Designs of the Year

The ‘Designs of the Year’ exhibition at the Design Museum in London is a fantastic showcase of truly original, innovative ideas. I spent over an hour exploring the various entries and from talking lamp posts to a wheelchair that adapts to its users, I was inspired every step of the way. I thought I’d briefly reflect on a small selection of the many projects that, for me, stood out and met particularly interesting briefs. Indeed, voting for just one design on my way out proved a very difficult task!



 Standout Projects

Makoko Floating School This design was built in Makoko – a community built predominantly on stilts above a lagoon in Lagos, Nigeria – as a response to changes in the local climate. As water levels rise so too does the structure avoiding any implications in terms of flood damage. Architecture studio NLÉ have demonstrated how architecture can adapt to environments and provide outstanding benefits to a whole region and have developed a model that can be scaled and applied to other global regions with similar needs. I wonder what other unpredictable climate changes will force us to reimagine spaces in the future. With my classroom learning head on, this could spark a great opportunity to encourage young people to research, define and design solutions to such genuine, global problems as part of a topic on weather in Geography.

Hello Lamp Post

Hello Lamp Post is an interactive system that gives everyone in Bristol a new tool to talk with each other, through prompts and questions – all facilitated by the city’s physical infrastructure. By referencing the thousands of pre-existing identifier codes that label items of street furniture across the whole city, players can send text messages to particular objects, including (but not limited to) lamp posts, post boxes, bollards, manholes, bins, or telegraph poles.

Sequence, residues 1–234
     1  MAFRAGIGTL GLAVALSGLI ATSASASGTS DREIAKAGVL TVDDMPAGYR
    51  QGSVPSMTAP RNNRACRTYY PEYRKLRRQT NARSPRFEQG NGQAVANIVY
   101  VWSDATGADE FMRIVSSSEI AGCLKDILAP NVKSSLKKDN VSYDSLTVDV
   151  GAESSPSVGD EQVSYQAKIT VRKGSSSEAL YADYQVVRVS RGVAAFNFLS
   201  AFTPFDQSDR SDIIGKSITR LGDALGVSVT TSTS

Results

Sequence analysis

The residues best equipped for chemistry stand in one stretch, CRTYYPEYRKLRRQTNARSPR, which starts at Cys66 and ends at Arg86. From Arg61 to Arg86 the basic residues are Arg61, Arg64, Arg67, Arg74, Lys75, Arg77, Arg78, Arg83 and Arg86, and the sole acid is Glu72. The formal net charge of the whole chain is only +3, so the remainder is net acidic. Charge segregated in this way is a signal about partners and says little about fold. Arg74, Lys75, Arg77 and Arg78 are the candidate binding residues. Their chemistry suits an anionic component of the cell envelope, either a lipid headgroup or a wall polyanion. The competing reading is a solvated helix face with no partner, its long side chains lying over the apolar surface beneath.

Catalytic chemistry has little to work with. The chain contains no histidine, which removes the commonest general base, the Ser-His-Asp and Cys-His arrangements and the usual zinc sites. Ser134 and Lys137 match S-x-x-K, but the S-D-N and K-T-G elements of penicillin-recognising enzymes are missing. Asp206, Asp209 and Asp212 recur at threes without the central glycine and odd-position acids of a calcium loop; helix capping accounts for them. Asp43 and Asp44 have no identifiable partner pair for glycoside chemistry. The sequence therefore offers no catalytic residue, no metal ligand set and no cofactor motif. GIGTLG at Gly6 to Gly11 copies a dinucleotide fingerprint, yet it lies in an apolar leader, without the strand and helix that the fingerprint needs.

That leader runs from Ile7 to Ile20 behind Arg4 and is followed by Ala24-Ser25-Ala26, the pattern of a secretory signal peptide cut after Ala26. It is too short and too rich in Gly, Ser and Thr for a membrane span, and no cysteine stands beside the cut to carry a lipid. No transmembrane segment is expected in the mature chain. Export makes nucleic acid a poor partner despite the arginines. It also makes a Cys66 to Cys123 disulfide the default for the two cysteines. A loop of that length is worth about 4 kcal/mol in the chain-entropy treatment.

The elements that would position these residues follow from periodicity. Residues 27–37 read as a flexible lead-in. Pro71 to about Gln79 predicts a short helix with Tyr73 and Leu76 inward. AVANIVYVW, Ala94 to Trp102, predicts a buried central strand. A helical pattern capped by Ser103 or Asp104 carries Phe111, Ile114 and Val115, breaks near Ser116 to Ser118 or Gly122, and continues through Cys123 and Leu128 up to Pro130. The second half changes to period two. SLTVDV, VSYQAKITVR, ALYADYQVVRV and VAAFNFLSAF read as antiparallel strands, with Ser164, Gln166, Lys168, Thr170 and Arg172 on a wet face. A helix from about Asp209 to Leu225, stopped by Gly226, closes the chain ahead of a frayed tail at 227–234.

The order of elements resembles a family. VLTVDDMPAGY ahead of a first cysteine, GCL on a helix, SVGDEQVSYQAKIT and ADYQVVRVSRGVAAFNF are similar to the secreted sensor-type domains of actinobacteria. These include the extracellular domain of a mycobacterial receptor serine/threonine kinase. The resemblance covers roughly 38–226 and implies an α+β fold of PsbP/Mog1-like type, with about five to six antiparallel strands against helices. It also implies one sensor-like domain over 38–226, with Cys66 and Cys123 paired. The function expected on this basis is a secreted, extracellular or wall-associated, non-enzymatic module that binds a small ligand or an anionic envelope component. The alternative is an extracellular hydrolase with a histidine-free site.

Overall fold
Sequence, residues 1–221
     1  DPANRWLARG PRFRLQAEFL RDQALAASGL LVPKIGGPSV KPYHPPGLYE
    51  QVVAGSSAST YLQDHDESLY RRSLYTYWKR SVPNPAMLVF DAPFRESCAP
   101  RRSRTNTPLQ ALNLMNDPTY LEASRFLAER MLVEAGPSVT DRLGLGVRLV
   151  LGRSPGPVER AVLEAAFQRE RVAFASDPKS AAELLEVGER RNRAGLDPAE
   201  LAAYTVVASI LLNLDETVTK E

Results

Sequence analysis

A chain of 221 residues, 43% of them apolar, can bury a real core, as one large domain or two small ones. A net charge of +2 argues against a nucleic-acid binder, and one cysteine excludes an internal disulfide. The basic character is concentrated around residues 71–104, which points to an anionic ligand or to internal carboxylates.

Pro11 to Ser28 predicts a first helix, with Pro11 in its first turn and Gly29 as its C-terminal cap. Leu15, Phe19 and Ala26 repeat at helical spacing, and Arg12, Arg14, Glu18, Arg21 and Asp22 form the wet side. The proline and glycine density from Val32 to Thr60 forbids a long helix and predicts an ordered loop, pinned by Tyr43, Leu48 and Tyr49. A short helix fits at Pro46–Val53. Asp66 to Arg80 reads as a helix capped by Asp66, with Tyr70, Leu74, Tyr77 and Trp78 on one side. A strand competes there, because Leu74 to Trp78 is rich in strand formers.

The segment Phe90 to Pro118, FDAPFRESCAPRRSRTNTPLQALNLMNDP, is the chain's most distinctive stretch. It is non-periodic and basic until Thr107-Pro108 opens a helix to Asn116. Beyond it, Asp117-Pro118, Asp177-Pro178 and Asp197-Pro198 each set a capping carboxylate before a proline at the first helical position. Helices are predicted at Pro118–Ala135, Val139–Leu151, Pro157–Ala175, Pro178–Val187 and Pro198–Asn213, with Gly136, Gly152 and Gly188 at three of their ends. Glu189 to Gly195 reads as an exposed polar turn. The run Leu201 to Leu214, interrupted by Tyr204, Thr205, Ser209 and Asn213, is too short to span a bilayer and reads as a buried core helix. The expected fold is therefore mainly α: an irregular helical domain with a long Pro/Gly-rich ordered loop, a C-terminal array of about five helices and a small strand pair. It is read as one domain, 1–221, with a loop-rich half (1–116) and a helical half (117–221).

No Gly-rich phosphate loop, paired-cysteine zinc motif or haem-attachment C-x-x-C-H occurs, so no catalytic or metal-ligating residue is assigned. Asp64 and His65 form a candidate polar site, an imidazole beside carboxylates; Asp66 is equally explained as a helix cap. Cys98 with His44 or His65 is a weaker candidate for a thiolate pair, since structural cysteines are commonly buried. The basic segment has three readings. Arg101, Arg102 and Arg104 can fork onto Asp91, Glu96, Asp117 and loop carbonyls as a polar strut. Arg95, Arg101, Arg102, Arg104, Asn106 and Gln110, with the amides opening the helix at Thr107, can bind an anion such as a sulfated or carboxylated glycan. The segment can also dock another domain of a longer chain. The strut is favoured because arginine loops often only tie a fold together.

My initial thoughts:  what a great way of encouraging members of the public to interact with the environment around them and with each other through the physicality of their location. Having now ended, I wonder how the idea could be translated into other cities across the world or how it could connect people in cities around the world through physical infrastructure. Thoughts, memories and anecdotes could be held within objects and structures for others to access when travelling to new places; people could learn from each other.

Recently, I’ve been thinking about how the experience of travelling on public transport could be improved with a particular focus on social interaction. Every day in London, thousands of people travel together, move together, enclosed in small spaces for varying amounts of time. Yet very rarely do people actually connect or communicate during this time. It seems that interaction on public transport is deemed almost socially unacceptable and a feeling of awkwardness prevails when in such close proximity with ‘strangers’.

A study into the social behaviours of public transport users in New Zealand found that:

Sixty percent of public transit passengers intentionally avoid social interaction.

Whilst this research was carried out in New Zealand, I can’t imagine the results of a similar study here in London being much different. Clearly, there is room for positive change in this public space and I want to keep thinking of different forms this innovation could take.

Silk Pavillion (Worm Hacking!)

The video speaks for itself!

There were a lot of other designs that stood out including the Pro chair, which is designed specifically to support the ergonomics of active learning; the Clever Pack which is attempting to combine a sustainable bottle cap (each year 87 billion plastic bottle caps are made in the U.S. alone!) with a children’s toy; the Toyota ME.WE concept car; and the Seaboard by Roli a reimagined piano that reflects the more continuous nature of the instrument.

Leaving the exhibition, I briefly explored the Paul Smith collection, which documents the life and work of the designer and caught part of the interactive section of the exhibit where Smith talks about his own career and his success.